Cardiovascular Disease

Dairy: why full fat is best

Dairy consumption is pretty much dependant on the individual as some people are  allergic or intolerant to the proteins in dairy, or are sensitive to its lactose content. The point that I would like to make is that if you are going to consume dairy, choose the full fat versions. Although most people reach for the low-fat/no-fat dairy options with the belief that full fat is harmful and may cause them to gain weight, recent research suggests the opposite may be true.

For the love of butter

Vilified for years and substituted with other lesser 'butter-like' substances such as margarine and vegetable oil spreads, butter was thought to contribute to heart disease due to its saturated fat content. However, critical analysis of the evidence between certain types of saturated fat and cardiovascular disease, do not support its link to heart disease.  Real butter, especially the organic and from grass-fed animals, offers a number of benefits as a healthy fat. Butter has the fatty acids omega-3 and omega-6 which, help brain function and are necessary for skin health.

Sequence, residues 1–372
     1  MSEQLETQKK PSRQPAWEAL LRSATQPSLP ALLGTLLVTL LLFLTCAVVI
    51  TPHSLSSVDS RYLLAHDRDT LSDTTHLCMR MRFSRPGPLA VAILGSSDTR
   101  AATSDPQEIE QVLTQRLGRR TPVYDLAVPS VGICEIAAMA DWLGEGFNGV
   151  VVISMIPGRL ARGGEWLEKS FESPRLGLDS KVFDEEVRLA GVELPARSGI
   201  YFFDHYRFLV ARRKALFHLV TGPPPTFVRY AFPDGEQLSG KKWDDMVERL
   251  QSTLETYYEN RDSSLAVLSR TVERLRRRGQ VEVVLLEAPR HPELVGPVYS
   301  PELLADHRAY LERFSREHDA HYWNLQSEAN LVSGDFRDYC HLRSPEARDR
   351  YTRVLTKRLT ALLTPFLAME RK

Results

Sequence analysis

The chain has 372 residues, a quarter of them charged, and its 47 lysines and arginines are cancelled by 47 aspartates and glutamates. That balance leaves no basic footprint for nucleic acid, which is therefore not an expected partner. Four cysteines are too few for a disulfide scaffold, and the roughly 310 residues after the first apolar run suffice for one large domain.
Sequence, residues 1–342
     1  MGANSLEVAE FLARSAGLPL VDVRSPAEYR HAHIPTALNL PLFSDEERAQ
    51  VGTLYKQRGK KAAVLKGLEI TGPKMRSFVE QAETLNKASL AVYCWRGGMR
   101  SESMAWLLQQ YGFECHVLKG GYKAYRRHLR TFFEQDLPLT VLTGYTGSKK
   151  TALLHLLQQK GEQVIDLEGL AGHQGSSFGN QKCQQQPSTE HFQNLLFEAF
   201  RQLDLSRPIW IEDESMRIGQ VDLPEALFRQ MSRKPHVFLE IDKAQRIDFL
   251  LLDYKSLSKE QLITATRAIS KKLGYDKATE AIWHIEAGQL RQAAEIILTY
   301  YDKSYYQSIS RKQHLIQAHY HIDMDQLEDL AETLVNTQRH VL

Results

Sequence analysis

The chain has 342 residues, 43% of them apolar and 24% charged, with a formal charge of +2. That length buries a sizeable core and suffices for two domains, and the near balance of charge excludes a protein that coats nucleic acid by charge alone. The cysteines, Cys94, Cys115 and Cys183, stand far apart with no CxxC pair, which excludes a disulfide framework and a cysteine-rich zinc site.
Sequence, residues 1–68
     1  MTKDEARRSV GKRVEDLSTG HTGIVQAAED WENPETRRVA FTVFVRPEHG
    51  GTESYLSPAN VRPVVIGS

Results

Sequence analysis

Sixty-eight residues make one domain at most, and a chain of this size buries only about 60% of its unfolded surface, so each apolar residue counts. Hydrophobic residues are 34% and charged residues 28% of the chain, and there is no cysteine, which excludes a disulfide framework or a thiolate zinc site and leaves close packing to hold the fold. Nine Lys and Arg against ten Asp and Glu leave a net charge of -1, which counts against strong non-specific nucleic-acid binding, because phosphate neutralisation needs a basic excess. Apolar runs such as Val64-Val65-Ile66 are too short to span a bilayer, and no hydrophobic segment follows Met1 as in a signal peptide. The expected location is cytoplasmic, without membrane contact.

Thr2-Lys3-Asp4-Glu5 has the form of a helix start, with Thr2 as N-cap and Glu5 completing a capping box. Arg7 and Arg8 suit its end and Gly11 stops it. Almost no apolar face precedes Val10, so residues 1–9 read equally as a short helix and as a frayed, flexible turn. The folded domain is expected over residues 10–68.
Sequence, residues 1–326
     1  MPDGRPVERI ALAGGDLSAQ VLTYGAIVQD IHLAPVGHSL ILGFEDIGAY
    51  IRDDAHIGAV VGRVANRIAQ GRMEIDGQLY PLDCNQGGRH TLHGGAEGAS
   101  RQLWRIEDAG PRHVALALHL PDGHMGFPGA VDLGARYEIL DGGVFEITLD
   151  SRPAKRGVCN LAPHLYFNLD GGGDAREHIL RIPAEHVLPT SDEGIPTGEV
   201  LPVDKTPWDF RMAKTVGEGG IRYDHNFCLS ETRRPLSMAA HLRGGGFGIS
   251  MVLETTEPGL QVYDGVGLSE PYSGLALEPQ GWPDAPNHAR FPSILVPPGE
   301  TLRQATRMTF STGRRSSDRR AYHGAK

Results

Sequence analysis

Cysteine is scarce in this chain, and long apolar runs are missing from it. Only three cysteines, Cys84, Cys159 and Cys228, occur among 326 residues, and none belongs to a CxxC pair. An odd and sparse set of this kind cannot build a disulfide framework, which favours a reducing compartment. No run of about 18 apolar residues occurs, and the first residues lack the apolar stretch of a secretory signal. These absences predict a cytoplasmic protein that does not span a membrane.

Olive oil: liquid gold

This Mediterranean food staple is full of healthy fatty acids and antioxidants with a myriad of benefits on a number of health conditions. Olive oil is made by crushing olives and putting them through a press to squeeze out the oil. The crushed olives can be pressed numerous times. the first pressing creates what is known as extra virgin olive oil. Extra virgin olive oil is the preferred oil to be consumed as it has the most amount of powerful antioxidants and anti-inflammatory compounds called polyphenols.